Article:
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Saw Palmetto Trees
Saw Palmetto trees develop on broad diversity of places, ranging from open and dry to seasonally semi-shady and wet. Throughout this wide variety of habitats, it often crops up on sand ridges, coastal dunes, islands close to marshes, and flatwood forests. Saw Palmetto trees are dominant land cover in several pine forests on the southeastern part of the US, at times even wrapping hundreds of acres. It frequently grows in bunches of twenty-feet or more in length.
Saw Palmetto trees are native to most of the coastal plains of the southeast, between Florida and Louisiana in the south, to South Carolina in the north. Animals such as white-tailed deer, feral hogs, and black bears sustain from the Saw Palmetto trees' fruits. Even Native Americans have also utilized its fruits for food.
Today, the fruits (berries) are gathered for herbal medications that might aid in preventing certain types of cancers; although it has already been effectively used for treating benign prostate hyperplasia. The Saw Palmetto trees' flowers are also an essential source for honey, as well as clusters of the palm being favorite hiding spots for the Florida panther, wasps, and rattlesnakes.
Saw Palmetto may sometimes be mistaken with dwarf palmetto or Sabal minor, as they have a similarity with leaf shape and size. The dwarf palmetto's leaves are blue-green in color, has no spine on its leaf stems, and the fruits are circular that are approximately ½ -inch in width. The Saw Palmetto tree on the other hand, has leaves that spiral around its stem; with a circular outline about two to three feet across, which are deeply separated into a lot of dagger-shaped segments. The stems of the leaves are about two to three feet and are sharply saw-toothed, thus being name Saw Palmetto.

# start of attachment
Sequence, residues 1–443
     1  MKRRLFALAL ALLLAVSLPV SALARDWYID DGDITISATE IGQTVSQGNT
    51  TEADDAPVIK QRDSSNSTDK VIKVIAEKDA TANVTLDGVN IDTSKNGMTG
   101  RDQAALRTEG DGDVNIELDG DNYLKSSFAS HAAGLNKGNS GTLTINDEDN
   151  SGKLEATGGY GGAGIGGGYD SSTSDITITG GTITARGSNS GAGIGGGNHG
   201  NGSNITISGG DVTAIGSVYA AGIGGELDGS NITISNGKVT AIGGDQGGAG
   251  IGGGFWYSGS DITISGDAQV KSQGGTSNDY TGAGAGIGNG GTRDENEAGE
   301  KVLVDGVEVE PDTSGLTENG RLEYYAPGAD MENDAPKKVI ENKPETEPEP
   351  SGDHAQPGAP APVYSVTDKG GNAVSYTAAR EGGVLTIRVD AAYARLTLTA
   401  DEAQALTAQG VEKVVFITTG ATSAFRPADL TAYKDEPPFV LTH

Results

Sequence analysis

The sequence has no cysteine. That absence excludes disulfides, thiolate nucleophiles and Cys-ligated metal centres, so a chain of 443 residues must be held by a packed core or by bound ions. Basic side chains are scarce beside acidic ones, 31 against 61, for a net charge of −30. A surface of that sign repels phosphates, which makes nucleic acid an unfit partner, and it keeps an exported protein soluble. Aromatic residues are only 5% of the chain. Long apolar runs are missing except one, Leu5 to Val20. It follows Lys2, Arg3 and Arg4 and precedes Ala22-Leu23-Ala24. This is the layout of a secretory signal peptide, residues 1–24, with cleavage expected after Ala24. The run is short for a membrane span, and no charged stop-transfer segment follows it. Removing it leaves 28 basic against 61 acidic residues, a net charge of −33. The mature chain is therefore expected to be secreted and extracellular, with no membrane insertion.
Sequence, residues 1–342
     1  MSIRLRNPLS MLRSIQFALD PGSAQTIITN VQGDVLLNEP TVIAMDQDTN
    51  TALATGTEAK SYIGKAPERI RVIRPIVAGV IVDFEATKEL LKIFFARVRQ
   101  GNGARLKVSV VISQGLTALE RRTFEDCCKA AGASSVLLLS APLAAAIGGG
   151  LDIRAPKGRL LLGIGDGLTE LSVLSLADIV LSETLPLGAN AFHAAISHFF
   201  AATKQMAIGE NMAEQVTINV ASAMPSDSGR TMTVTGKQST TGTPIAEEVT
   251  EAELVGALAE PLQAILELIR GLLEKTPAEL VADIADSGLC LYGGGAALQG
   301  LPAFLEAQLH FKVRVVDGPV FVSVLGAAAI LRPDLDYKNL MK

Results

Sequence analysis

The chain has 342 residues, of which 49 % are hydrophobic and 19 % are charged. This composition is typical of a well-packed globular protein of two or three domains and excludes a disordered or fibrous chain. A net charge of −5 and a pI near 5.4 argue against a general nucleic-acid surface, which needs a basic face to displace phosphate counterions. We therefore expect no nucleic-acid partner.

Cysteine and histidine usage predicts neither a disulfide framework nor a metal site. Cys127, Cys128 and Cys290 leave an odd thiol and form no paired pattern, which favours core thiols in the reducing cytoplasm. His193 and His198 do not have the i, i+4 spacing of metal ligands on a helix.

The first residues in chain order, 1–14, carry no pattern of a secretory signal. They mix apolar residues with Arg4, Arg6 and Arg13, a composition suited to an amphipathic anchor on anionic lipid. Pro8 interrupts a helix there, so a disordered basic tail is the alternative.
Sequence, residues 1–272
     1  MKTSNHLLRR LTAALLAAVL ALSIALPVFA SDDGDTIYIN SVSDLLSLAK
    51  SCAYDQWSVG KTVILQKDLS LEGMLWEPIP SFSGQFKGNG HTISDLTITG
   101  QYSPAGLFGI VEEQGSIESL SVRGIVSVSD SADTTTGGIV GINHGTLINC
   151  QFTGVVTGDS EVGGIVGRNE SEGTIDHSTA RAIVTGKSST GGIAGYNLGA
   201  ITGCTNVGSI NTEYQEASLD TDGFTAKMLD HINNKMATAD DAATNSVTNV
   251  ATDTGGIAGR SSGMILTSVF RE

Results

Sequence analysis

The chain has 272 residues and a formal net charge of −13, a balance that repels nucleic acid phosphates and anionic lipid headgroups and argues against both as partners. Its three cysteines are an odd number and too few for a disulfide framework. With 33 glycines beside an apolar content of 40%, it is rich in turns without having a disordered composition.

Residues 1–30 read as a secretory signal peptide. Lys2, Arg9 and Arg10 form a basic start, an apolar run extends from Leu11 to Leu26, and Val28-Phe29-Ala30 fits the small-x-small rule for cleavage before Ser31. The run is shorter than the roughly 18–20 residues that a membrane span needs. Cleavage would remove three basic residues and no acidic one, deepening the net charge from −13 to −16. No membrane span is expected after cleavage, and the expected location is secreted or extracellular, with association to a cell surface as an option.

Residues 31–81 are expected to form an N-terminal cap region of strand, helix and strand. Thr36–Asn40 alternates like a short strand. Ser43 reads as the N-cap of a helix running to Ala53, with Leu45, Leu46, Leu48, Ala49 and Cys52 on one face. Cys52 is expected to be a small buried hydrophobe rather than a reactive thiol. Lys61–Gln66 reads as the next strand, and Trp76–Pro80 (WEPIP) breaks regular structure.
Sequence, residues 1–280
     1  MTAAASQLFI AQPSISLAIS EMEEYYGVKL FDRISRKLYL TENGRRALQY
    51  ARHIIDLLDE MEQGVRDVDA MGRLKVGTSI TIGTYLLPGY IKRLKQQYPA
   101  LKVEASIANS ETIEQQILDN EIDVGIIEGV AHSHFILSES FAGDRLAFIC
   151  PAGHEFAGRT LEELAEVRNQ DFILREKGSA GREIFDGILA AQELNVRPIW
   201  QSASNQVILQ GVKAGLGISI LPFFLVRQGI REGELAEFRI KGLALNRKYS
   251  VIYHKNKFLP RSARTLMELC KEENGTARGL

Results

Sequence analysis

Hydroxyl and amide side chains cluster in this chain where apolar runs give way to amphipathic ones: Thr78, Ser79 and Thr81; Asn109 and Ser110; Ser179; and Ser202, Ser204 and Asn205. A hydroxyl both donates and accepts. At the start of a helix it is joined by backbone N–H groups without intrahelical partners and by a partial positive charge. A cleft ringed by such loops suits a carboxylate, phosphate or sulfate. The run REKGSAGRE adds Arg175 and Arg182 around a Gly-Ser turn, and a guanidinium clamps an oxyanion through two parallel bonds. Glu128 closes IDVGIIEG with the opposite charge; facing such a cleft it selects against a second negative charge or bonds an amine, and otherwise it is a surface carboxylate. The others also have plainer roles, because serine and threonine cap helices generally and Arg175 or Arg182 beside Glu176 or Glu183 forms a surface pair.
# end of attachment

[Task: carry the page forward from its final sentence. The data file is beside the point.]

As a whole, Saw Palmetto is a branched, strong, fan palm, measuring 2-9 feet tall, and its stem normally remains underground or horizontally runs alongside the surface; in some instances, the stems develop in an arching or upright position. Its fruits are drupe-like and ovoid, which are ½ 'wide, and matures from green into black on a split bunch shorter than its leaves.
The increasing popularity of Saw Palmetto in Europe, particularly its berries which are used for health medicinal purposes, has resulted to the Saw Palmetto being commercially grown. At present, it has become one of the big industries with more than twenty thousand tons being delivered to Europe alone to meet the market's need.